What Does A Gastric Sleeve Do?
The gastric sleeve surgery, known as Sleeve Gastrectomy, is a weight loss surgery procedure involving the removal of a large portion of the stomach. The result is a sleeve or tube-like structure that takes away around three-quarters of the stomach. This leaves little room for food to fit into your stomach.
Sleeve Surgery slows down the digestive process so you feel fuller sooner when eating less. It also reduces your appetite, making it easier to stick with your weight loss plan.
Sleeve Surgery Procedure
The surgery is often done laparoscopically (using small keyhole incisions and a thin viewing instrument called a laparoscope) using general anesthesia. The surgery takes about an hour and is done without cutting any muscles — instead, small cuts are made in the stomach wall. A narrow tube with a stapler at the end (an endoscope) is inserted into one of these cuts and used to divide the stomach along its length. The cut edges of the stomach are then stitched together, leaving a tubular passage around the stomach. The top (cardia) and bottom (pylorus) of the stomach are left intact to allow for normal function.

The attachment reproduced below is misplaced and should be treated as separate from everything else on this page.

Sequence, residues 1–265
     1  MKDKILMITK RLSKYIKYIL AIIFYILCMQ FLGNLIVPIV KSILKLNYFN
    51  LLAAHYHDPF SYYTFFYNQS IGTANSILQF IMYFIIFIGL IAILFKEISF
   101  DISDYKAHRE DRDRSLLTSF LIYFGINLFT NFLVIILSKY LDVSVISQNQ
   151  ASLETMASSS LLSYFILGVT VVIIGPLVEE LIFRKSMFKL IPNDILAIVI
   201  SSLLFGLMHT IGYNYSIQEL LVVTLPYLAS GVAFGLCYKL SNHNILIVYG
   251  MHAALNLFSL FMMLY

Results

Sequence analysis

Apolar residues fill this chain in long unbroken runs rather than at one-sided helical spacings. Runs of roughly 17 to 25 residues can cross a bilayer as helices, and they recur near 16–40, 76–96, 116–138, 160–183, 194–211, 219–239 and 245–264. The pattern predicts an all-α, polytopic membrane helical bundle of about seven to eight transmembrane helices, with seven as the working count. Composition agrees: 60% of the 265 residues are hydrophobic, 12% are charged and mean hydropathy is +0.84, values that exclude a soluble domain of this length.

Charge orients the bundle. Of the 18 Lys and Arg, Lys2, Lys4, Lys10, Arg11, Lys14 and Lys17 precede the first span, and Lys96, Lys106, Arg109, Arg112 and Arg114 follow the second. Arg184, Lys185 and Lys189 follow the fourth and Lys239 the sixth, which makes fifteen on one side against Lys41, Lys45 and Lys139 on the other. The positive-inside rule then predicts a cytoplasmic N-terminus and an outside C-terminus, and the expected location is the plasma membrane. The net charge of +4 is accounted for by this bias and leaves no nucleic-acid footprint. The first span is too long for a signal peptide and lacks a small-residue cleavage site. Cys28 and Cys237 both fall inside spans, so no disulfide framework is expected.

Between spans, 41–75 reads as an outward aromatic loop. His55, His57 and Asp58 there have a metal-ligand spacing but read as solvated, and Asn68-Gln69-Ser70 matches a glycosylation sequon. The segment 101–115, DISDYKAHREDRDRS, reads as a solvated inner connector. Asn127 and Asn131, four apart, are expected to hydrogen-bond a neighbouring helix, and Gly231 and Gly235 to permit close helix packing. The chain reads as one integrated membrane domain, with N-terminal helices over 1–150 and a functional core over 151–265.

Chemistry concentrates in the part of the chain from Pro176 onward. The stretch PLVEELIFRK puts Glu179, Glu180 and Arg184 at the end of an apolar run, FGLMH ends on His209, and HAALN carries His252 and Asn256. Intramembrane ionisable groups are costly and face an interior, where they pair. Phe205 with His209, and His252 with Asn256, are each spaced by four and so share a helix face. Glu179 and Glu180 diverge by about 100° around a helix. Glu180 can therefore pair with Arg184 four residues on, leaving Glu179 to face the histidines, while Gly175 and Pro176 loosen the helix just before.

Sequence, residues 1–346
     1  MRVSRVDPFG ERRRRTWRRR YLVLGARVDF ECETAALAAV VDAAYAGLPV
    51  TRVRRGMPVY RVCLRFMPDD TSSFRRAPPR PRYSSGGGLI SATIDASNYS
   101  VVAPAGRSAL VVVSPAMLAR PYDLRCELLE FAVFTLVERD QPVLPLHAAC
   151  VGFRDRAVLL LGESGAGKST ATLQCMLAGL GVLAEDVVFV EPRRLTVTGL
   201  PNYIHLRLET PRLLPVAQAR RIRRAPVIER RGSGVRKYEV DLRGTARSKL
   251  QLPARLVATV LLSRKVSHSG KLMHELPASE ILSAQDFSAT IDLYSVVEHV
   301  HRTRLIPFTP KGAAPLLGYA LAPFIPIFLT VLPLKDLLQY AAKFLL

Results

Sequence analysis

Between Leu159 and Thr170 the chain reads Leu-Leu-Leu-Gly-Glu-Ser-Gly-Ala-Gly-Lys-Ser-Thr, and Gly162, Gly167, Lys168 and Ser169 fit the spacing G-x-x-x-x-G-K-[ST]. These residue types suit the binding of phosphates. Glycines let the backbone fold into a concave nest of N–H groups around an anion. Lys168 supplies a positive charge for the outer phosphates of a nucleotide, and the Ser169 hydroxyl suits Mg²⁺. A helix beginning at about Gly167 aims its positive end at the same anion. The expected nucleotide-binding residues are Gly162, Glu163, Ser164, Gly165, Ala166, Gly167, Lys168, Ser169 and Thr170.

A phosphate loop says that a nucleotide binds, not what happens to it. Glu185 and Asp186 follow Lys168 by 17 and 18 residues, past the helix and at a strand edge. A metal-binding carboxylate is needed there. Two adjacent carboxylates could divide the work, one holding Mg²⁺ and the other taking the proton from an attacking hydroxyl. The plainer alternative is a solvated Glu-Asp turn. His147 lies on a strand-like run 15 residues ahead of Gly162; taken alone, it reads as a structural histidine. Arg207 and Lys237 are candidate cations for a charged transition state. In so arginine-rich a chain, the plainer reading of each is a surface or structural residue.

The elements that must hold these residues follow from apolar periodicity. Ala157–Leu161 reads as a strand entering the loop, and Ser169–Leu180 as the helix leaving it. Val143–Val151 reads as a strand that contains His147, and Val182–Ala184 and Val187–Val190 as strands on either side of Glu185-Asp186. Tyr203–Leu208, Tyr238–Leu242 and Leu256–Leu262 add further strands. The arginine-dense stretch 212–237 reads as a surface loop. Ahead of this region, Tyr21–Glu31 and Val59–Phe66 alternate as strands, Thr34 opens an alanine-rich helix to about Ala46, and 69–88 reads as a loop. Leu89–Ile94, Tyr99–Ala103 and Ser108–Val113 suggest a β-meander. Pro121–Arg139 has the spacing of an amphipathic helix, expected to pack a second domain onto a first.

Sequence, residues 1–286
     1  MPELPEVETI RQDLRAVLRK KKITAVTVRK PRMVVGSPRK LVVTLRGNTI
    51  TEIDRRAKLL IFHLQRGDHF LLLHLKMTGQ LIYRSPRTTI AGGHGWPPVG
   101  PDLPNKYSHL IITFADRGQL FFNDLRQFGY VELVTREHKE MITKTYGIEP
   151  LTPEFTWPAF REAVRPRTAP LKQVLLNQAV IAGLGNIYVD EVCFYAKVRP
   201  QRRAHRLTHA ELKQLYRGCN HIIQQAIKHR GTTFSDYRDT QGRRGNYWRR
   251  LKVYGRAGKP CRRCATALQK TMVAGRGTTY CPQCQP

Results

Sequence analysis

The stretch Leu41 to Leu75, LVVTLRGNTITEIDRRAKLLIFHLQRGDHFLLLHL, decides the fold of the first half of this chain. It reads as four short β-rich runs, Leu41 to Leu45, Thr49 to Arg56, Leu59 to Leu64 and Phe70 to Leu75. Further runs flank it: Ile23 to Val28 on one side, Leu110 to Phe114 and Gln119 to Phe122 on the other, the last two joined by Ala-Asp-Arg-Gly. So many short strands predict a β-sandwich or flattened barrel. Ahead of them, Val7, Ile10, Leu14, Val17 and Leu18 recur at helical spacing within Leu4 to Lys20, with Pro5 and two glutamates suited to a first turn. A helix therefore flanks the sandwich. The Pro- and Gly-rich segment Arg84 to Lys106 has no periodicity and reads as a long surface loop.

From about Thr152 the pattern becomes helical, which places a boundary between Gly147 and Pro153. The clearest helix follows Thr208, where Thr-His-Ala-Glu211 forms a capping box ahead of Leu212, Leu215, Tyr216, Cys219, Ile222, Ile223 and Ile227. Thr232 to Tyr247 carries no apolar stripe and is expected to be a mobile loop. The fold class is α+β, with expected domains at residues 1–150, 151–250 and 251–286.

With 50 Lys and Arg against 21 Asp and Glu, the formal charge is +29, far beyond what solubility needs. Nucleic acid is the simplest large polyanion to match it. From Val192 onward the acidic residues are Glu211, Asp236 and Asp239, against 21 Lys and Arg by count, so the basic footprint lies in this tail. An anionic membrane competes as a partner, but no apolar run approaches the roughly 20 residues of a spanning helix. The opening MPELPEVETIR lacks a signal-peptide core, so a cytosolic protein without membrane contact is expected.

You may experience some nausea after surgery, but this is mostly due to anesthesia or pain medication. You will be able to eat small amounts of food immediately after your procedure, but be sure to chew well. You may also have some temporary discomfort, bloating, or gas as your stomach recovers from the surgery.
Most patients feel ready to eat solid foods within …